There are two basic kinds o f mora l sceptic. The first kind applies general sceptical considerat ions to the special case o f morali ty. On his view, there are no mora l facts, but neither are there any other objective facts about the world. Of course, this first sort o f sceptic is quite radical and has not been terribly influential as a source o f moral scepticism. The second kind o f moral sceptic claims that there is a special problem about realism in ethics, a problem which does no t afflict realism about most other disciplines. This clearly has been the more popular and philosophically influential version o f moral scep- ticism. Mackie is this second kind o f mora l sceptic.

    As this second kind o f mora l sceptic, Mackie complains that belief in the existence o f objective values is no par t o f a plausible realist world-view. (E: p. 17) Mackie 's sceptical arguments, therefore, cannot turn on the appli- cat ion o f general sceptical considerat ions. I f it can be shown that the moral realist's metaphysical and epistemological commitments are no less plausible than those of, say, the physical realist, then Mackie 's sceptical arguments will have been answered.

    Al though it is possible to defend moral realism against sceptical arguments wi thout establishing any kind o f p resumpt ion in its favour , there are, as Mackie recognises, general considerat ions which require the moral sceptic to bear a certain burden o f proof . First, this second version o f mora l scepti- cism concedes a p resumpt ion in favour o f mora l realism. If , as this second sort o f scepticism assumes, realism is plausible about a wide range o f disci- plines, then there must be some special justification for taking a different view about the existence and nature o f moral facts. O f course, this establishes only a very weak presumpt ion in favour o f moral realism, but it is one which the mora l sceptic must rebut.

    Moreover , belief in mora l realism is suppor ted by certain features o f our mora l practice. In mora l deliberation and mora l a rgument we search for answers to ot/r moral questions, answers whose correctness we assume to be independent o f our means o f arriving at them. 4 Of course, this presumption too is defeasible, but this takes some argument . As Mackie claims, moral scepticism must have the status o f an error theory; it must explain how and why our commitment to the objectivity o f moral values is mistaken. (E: p. 35)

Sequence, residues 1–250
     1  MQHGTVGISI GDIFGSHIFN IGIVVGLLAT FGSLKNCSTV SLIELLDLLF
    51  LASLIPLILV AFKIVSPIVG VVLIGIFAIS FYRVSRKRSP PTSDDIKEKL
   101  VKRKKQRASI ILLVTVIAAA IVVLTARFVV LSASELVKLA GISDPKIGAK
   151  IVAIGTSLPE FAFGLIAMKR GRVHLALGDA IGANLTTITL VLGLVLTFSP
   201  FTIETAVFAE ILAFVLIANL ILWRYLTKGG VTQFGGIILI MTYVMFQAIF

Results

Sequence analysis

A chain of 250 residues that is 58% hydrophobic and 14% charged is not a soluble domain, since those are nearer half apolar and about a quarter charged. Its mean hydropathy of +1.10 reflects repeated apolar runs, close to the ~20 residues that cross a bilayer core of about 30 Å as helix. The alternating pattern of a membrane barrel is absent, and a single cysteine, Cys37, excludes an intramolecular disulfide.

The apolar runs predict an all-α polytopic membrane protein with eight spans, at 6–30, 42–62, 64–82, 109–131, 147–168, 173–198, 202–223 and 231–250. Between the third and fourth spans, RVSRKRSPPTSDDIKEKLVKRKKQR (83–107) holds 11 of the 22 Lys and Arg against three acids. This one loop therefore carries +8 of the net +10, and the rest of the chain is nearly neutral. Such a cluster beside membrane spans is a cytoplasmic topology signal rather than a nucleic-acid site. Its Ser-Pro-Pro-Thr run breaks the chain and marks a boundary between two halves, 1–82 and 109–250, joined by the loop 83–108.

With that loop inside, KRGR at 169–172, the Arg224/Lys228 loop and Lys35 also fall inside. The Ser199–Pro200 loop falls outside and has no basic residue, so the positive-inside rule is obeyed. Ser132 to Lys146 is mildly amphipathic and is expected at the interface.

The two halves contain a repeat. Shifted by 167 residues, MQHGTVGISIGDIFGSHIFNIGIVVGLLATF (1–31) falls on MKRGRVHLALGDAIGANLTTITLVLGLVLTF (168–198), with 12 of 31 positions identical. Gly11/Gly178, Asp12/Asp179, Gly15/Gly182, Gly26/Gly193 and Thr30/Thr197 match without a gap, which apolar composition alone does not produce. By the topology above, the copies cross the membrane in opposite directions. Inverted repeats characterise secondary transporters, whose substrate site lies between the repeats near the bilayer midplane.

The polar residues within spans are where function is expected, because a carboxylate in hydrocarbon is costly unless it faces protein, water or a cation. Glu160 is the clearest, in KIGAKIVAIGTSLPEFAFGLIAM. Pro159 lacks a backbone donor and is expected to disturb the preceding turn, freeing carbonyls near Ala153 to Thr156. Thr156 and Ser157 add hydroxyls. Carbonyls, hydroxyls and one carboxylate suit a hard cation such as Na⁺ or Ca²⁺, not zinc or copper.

Mackie distinguishes two arguments for the second version o f moral scepti- cism. The first turns on the apparent unresolvabili ty o f m a n y mora l disputes and so is best thought o f as an argument f rom disagreement, 5 while the second

    3 The simple denial of the existence of moral facts, accompanied by no positive account of the nature of moral values, is moral nihilism. But Mackie, like most moral sceptics, not only denies the existence of objective values but also adopts a constructivist or subjectivist position about the nature of value according to-which we make or choose moral value.

    4 See Thomas Nagel, 'The Limits of Objectivity' in S. McMurrin (ed), The Tanner Lectures on Human Values/(Salt Lake City: University of Utah Press, 1980), p. 100. Cf. E: pp. 35, 48-9; HMT: pp. 34, 70-5, 136.

    5 Mackie himself refers to this argument as 'the argument from relativity'. (E: p. 36) But this label is at least misleading and on a natural reading of 'relativity' begs the question, since

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  • David O. Brink 113

    turns on the mysterious character objective values would seem to have to have and so represents an argument f rom queerness. Mackie presses both of these arguments against moral realism and in favour of moral scepticism and subjectivism. 6 In what follows, I shall examine and rebut Mackie's argu- ments from disagreement